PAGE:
4. Checking: Weed’s flavor and cannabinoid profile develops over the course of 2 or weeks of curing. Be vigilant in checking your buds at least once every 24 hours to check for moisture. If your weed smells more like weed every day, you’re on the right track!

At this point your weed is ready. All told, drying and curing your weed can take up to a month after harvest before it’s ready to be smoked. Considerable variations in the method can be utilized, especially if the temperature or humidity is extreme where you live. And there are many tools one can utilize like a hygrometer to measure humidity or humidity control packets which will control the relative humidity in the enclosed jar. If there is one commonality in any of the various marijuana curing methods for the best results, it is that the process cannot be rushed.

Why is Drying Bud in a Microwave is a Bad Idea?

Have you ever heard the old saying “Patience is a virtue?” There are many home remedies for how to quickly dry a sample bud from your harvest, but the fact of the matter is, no matter the method, the quick-dried sample bud will hardly reflect the finished product. 

There are plenty of old heads and unreliable websites that will extol the virtues of drying bud in a microwave. Zapping your weed at 5-10 seconds intervals will get your bud reliably dry to smoke, but this method will essentially halt the curing process, prevent the development of the different cannabinoids and terpenoids, and cause your weed to smoke harshly and taste like hay because much of the green chlorophyll has yet to break down. 

Similarly, other methods of this fashion are equally unreliable: baking your weed in the oven, drying under a heat lamp, utilizing dry ice, or any other “quick-dry curing method” will only serve to degrade the quality of your product. The heat utilized in these methods serves to obliterate the terpenes and cannabinoids in your weed. Curing buds for best taste) and potency is a process that simply takes time, and shortcuts to that end are dubious at best.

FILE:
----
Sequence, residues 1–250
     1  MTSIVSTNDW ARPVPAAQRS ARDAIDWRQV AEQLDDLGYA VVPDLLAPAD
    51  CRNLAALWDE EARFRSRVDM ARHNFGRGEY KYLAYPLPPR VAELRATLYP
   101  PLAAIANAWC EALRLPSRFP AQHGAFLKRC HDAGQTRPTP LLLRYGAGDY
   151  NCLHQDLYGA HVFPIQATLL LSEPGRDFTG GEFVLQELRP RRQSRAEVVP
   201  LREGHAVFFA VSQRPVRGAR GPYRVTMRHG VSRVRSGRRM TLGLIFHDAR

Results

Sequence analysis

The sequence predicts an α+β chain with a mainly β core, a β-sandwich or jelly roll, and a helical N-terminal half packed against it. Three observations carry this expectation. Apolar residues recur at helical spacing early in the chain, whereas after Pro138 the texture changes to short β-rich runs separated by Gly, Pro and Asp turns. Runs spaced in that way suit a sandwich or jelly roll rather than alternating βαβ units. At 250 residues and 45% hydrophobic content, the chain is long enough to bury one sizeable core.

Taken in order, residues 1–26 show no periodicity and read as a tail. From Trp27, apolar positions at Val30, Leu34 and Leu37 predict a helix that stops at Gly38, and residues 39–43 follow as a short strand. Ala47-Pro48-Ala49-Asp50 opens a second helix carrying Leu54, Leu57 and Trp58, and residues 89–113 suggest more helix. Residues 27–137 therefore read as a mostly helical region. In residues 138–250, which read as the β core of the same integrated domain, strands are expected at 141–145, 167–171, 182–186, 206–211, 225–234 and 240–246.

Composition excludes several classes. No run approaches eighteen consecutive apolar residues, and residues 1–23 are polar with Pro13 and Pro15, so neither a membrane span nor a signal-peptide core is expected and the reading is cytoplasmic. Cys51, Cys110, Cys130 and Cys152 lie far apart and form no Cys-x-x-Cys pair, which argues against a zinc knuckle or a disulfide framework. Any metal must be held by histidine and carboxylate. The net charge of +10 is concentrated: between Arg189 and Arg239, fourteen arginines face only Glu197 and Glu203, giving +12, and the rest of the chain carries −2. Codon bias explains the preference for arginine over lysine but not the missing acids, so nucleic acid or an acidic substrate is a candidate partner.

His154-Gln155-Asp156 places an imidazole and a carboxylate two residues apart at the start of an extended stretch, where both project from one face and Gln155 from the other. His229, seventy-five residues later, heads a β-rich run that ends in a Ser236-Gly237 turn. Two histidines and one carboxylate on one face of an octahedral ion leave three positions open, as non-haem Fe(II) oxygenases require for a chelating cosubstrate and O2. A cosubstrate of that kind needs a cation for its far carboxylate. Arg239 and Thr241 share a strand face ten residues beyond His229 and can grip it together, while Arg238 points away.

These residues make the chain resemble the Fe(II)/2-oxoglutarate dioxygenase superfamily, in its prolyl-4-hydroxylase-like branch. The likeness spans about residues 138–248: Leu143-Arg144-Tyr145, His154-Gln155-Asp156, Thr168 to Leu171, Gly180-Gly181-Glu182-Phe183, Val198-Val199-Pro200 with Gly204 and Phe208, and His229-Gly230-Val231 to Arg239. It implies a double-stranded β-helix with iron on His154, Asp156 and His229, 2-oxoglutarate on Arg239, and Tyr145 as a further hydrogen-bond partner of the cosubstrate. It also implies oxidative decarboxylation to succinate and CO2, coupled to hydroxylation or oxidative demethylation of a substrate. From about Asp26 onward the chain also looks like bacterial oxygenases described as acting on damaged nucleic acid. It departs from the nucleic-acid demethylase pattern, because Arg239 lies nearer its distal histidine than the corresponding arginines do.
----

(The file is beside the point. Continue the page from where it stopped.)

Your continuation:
How To Cure Marijuana FAQs

Can You Dry a Blunt in the Microwave?

The short answer to this question is yes. But, should you dry a blunt in the microwave? Probably not. Drying your weed in the microwave is a good way to obliterate the terpenes and cannabinoids in your weed, ruining the flavor and possibly the weed’s psychoactive effects.

Can You Smoke Fresh-picked Bud?

The water content in a freshly picked marijuana bud will make smoking extremely difficult. Additionally, the flavor and cannabinoid profile has yet to develop, so it will smoke harshly and taste like fresh-cut hay–even an extract of such weed will have these nasty aspects.

How Do You Dry a Single Bud?

The method of “quick-drying,” in a microwave or oven, for example, is dubious at best. If you’re impatient to sample the fruits of your harvest, separating a single bud will likely dry quicker as the primary source of water in the marijuana plant is the stem. Theoretically, the curing of a single bud will continue as well; however, how well a bud in isolation will develop on its own is a source of debate.